August 2016
Volume 16, Issue 12
Open Access
Vision Sciences Society Annual Meeting Abstract  |   September 2016
Facial Expressions of Pain and Pleasure are Highly Distinct
Author Affiliations
  • Chaona Chen
    School of Psychology, University of Glasgow, Scotland, UK
  • Carlos Crivelli
    Universidad Autónoma de Madrid, Madrid, Spain
  • Oliver Garrod
    Institute of Neuroscience and Psychology, University of Glasgow, Scotland, UK
  • Jose-Miguel Fernandez-Dols
    Universidad Autónoma de Madrid, Madrid, Spain
  • Philippe Schyns
    School of Psychology, University of Glasgow, Scotland, UK
  • Rachael Jack
    School of Psychology, University of Glasgow, Scotland, UK
Journal of Vision September 2016, Vol.16, 210. doi:10.1167/16.12.210
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      Chaona Chen, Carlos Crivelli, Oliver Garrod, Jose-Miguel Fernandez-Dols, Philippe Schyns, Rachael Jack; Facial Expressions of Pain and Pleasure are Highly Distinct. Journal of Vision 2016;16(12):210. doi: 10.1167/16.12.210.

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      © ARVO (1962-2015); The Authors (2016-present)

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Abstract

As a highly social species, humans regularly exchange sophisticated social signals to support everyday life and the functioning of wider society. One of the most important aspects of social interaction is communicating negative (i.e., pain) and positive (i.e., pleasure) internal states. Although pain and pleasure are diametrically opposite concepts (Russell, 1980), several studies claim that facial expressions of pain and pleasure are too similar to support communication (Aviezer, Trope, & Todorov, 2012; Hughes & Nicholson, 2008) thereby questioning their function as social signals (Fernández-Dols, Carrera, & Crivelli, 2011). Here, we address this question by modelling the dynamic facial expressions that represent pain and pleasure (i.e. orgasm) in two cultures (40 Western, 40 East Asian observers) using a dynamic facial expression generator (Yu, Garrod, & Schyns, 2012) and reverse correlation (Ahumada & Lovell, 1971; see Fig S1, Panel A; see also Gill, Garrod, Jack, & Schyns, 2014; Jack, Garrod, & Schyns, 2014; Jack, Garrod, Yu, Caldara, & Schyns, 2012). In each culture, comparison of the pain and orgasm dynamic facial expression patterns show that they comprise highly distinct (i.e. decorrelated) signals that observers from each culture can easily detect (measured with d-prime). In addition, cross-cultural analyses showed that pain facial expressions are highly similar within and across cultures (see Fig S1, Panel B), supporting views of their culturally common physiological roots (e.g., the gate-control hypothesis, Melzack & Wall, 1967). In contrast, orgasm facial expressions form distinct clusters within each culture, suggesting the contribution of cultural learning and their role as evolved social signals (Baumeister & Bratslavsky, 1999; Eibl-Eibesfeldt, 1989). Together, our data challenges the common view that facial expressions of pain and pleasure are indistinct, non-diagnostic signals of extreme positive and negative emotion, and provides insights into the biological and cultural basis of facial expressions of pain and pleasure.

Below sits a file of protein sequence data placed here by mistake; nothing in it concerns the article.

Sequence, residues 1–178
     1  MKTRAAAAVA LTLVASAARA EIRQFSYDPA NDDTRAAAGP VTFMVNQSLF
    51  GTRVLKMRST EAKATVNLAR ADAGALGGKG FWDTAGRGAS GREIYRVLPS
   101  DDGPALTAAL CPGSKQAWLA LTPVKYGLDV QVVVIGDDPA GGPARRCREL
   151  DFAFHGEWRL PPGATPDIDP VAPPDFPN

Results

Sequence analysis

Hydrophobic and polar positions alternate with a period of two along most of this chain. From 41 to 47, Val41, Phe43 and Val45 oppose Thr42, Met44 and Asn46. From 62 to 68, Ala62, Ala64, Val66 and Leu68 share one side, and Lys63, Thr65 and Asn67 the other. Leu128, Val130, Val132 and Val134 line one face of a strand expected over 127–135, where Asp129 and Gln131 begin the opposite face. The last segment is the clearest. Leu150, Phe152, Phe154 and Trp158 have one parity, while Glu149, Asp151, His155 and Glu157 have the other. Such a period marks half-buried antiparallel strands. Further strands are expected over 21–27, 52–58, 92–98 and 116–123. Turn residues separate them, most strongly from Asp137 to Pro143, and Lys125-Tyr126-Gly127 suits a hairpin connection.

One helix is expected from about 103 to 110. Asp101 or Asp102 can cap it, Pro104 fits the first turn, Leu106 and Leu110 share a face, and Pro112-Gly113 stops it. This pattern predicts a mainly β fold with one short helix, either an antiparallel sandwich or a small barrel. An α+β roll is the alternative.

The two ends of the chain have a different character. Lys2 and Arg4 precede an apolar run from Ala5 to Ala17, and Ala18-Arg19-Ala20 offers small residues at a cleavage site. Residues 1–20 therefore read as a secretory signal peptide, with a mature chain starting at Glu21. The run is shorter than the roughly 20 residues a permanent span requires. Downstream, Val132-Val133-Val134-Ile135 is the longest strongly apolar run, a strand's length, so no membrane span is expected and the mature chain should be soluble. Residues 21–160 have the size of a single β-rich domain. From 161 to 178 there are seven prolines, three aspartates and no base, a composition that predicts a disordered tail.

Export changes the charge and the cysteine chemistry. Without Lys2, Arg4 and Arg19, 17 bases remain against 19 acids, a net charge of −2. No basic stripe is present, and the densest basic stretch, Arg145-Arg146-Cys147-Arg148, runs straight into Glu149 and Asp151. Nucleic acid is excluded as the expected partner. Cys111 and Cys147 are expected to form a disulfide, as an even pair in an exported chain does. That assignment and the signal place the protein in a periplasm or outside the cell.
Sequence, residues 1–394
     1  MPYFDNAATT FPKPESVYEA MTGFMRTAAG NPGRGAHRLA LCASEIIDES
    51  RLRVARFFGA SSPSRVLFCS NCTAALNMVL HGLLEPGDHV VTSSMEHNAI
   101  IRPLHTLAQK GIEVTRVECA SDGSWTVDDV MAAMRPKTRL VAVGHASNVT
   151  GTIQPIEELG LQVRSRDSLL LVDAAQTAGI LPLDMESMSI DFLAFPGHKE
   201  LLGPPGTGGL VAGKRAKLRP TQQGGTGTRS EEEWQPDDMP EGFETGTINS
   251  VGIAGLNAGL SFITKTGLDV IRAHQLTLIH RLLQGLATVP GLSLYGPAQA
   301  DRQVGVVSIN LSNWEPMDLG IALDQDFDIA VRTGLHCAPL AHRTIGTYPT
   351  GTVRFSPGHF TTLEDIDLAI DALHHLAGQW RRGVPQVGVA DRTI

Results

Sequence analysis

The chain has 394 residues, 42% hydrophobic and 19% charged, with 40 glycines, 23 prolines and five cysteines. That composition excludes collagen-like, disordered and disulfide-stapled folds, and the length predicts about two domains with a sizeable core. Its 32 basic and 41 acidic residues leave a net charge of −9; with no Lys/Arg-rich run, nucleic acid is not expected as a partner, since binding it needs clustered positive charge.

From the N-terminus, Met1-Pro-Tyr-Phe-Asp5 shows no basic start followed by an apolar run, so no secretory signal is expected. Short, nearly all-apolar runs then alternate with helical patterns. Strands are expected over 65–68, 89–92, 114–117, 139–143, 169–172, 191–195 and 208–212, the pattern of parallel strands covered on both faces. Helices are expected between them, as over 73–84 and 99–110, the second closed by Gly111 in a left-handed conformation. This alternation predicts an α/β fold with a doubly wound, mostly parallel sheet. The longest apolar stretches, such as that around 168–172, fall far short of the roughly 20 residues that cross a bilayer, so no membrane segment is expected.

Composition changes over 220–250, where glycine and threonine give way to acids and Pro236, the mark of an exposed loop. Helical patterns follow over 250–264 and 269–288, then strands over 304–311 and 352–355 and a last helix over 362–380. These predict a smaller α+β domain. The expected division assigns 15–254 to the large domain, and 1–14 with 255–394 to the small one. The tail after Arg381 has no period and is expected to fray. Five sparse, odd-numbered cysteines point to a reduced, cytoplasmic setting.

Meeting abstract presented at VSS 2016

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